Courtesy of our friends at History.com, I am pleased to begin each and every day of the week here at Bulldog Pundit with a snippet of some important event that occurred on this date sometime in the past. Some events might come readily to mind while others may take a bit of effort to recall. Not all are historically portentous and some may even seem whimsical. Nevertheless, each and every one is a grain in the hourglass of human history.
On this day in 1917, a Belgian steamer and French freighter, both loaded with ammunition, explode in Canada’s Halifax Harbor, leveling part of the town and killing nearly 1,600 people and injuring approximately 8,000. The 8 million tons of TNT carried by the ships was intended for use in World War I.
The ships were gathered in Halifax, the meeting point for convoys to begin the dangerous Atlantic crossing, during which they were threatened by the deadly and stealthy German U-boat submarines. The HMS High Flyer was assigned to lead the convoy. The freighter from France, the Mont Blanc, had picked up a full load of TNT in New York and came into the harbor on a foggy morning. Due to the poor conditions, it collided with the Imo, a Belgian steam boat, also carrying ammunition. A fire resulted and both ships were abandoned immediately.
A British ship, the Pictou, was at a pier in the harbor and was also filled with ammunition. The crew of the Pictou immediately fled and set the ship free upon witnessing the collision. The High Flyer was the only ship that took any action to try to stop the disaster–it sent 23 men toward the collision to attempt to sink the vessels. They were too late: A massive explosion occurred just as they reached the ships.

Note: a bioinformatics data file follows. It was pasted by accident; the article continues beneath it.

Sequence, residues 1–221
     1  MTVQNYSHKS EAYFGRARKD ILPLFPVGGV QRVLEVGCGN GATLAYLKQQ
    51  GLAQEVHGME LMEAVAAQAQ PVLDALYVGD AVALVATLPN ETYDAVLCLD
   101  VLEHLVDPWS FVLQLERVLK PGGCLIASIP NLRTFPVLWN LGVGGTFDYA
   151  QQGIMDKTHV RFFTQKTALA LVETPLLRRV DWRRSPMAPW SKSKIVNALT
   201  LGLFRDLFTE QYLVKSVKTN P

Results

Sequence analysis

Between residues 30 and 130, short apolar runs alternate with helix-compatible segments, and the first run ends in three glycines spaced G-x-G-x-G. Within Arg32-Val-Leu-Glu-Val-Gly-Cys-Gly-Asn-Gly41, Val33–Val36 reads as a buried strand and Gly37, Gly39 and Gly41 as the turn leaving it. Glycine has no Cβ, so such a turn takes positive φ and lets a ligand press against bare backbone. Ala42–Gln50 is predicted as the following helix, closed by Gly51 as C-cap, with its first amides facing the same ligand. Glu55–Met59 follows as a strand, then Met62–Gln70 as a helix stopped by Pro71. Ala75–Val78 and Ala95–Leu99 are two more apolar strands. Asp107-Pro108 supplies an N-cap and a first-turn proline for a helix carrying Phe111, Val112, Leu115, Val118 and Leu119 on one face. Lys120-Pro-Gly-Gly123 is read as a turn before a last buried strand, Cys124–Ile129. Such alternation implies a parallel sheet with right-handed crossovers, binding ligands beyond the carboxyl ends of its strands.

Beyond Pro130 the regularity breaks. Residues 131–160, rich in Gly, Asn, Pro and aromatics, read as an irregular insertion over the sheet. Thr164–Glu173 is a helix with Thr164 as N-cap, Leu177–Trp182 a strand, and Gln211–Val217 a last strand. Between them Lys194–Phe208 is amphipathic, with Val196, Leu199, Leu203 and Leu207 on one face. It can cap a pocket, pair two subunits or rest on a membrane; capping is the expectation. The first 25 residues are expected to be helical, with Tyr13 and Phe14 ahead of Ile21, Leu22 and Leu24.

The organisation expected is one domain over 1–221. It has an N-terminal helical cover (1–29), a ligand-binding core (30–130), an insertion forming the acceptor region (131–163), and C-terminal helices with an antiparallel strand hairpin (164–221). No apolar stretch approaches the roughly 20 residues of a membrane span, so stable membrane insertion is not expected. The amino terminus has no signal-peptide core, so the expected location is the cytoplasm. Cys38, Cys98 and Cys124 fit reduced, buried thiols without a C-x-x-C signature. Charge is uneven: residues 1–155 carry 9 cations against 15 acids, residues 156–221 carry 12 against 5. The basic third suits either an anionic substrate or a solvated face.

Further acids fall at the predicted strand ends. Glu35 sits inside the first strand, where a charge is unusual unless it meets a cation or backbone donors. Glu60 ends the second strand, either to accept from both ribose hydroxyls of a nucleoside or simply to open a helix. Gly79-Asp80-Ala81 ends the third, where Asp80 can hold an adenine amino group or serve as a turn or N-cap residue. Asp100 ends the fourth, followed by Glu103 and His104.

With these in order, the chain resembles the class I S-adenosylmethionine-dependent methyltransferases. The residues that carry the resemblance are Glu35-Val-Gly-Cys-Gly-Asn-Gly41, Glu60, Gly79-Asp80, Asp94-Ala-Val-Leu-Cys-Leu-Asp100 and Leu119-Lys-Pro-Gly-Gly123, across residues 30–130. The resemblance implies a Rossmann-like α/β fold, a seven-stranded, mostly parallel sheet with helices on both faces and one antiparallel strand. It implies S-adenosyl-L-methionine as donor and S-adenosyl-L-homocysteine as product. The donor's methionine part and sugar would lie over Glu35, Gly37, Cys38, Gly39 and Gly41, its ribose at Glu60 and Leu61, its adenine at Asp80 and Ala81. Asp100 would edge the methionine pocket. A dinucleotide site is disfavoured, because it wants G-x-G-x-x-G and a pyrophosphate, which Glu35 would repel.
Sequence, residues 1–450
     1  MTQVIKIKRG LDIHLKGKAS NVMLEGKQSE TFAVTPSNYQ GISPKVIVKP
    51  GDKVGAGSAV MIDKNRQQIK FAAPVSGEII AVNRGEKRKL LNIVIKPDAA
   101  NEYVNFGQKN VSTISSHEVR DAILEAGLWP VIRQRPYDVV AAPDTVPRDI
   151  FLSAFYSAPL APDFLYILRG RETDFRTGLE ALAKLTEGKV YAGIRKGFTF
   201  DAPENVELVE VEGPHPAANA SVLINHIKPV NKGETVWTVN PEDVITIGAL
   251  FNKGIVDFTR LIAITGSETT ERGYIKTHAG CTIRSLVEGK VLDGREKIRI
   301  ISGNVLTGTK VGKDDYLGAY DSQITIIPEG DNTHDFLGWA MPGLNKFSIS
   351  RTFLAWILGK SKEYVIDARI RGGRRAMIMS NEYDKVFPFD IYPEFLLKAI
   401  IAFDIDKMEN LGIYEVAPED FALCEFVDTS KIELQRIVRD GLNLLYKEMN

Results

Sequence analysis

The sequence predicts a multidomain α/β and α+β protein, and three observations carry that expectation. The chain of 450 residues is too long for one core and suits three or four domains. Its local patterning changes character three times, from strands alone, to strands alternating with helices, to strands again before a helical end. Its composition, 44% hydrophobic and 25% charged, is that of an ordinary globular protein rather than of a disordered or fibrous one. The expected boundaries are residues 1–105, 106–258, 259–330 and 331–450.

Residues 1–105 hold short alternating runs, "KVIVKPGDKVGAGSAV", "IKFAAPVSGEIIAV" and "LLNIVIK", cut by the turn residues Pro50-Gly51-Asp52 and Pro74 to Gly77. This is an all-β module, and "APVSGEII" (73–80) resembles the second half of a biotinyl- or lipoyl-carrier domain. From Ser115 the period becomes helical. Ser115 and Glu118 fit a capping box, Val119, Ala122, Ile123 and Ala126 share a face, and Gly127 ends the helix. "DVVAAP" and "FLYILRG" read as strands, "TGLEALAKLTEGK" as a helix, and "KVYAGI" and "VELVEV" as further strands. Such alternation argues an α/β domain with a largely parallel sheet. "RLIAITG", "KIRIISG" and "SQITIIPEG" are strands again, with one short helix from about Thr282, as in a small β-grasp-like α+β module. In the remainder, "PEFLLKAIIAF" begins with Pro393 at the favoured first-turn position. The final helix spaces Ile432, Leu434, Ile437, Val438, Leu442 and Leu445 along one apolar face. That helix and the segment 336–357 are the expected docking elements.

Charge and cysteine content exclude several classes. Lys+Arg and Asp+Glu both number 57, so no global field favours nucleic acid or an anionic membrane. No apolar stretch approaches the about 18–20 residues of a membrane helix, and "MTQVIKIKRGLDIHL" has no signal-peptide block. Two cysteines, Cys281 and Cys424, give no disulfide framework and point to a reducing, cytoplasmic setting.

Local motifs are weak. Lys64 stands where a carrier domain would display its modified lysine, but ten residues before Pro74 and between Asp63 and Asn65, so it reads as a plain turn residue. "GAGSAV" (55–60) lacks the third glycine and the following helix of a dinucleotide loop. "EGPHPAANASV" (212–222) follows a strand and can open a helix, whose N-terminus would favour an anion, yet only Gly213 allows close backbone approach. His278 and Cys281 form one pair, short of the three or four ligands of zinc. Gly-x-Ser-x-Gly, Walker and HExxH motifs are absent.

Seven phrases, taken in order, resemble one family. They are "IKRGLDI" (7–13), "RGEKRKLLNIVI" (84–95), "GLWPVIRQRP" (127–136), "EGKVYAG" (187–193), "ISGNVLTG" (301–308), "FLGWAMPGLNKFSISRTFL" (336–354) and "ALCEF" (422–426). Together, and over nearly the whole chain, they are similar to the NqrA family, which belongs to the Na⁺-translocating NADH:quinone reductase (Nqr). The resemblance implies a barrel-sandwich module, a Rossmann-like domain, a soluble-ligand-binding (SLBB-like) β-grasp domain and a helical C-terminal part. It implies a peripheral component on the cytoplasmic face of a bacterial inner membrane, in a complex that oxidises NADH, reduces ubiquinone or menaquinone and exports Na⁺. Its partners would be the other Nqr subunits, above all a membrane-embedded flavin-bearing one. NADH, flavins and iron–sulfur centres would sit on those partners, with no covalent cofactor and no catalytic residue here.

The explosion sent burning debris throughout Halifax. It also caused a large wave to form that pushed the ships at pier right up out of the harbor. A Canadian army officer stationed at Halifax described the result, “All that could be seen for a great circumference were burning buildings, great mounds of iron and brick in the streets and dead bodies.” A 2.5- mile radius was completely demolished and the explosion could be felt 125 miles away. The wave of water hit a Navy ammunition plant located near the shores, possibly saving it from the fire.
Most other places nearby were not so lucky: The railway station collapsed from the blast and crushed scores of people inside. About 100 more were killed in a sugar plant located near the water. Of the 500 students located in schools nearby, less than 10 survived. In all, the death toll was somewhere between 1,200 and 4,000, but no one knows for sure because so much of the city was completely obliterated. Many more might have died except for a snowstorm later that day that helped put out the flames. Still, 25,000 people were left homeless in the wake of the disaster.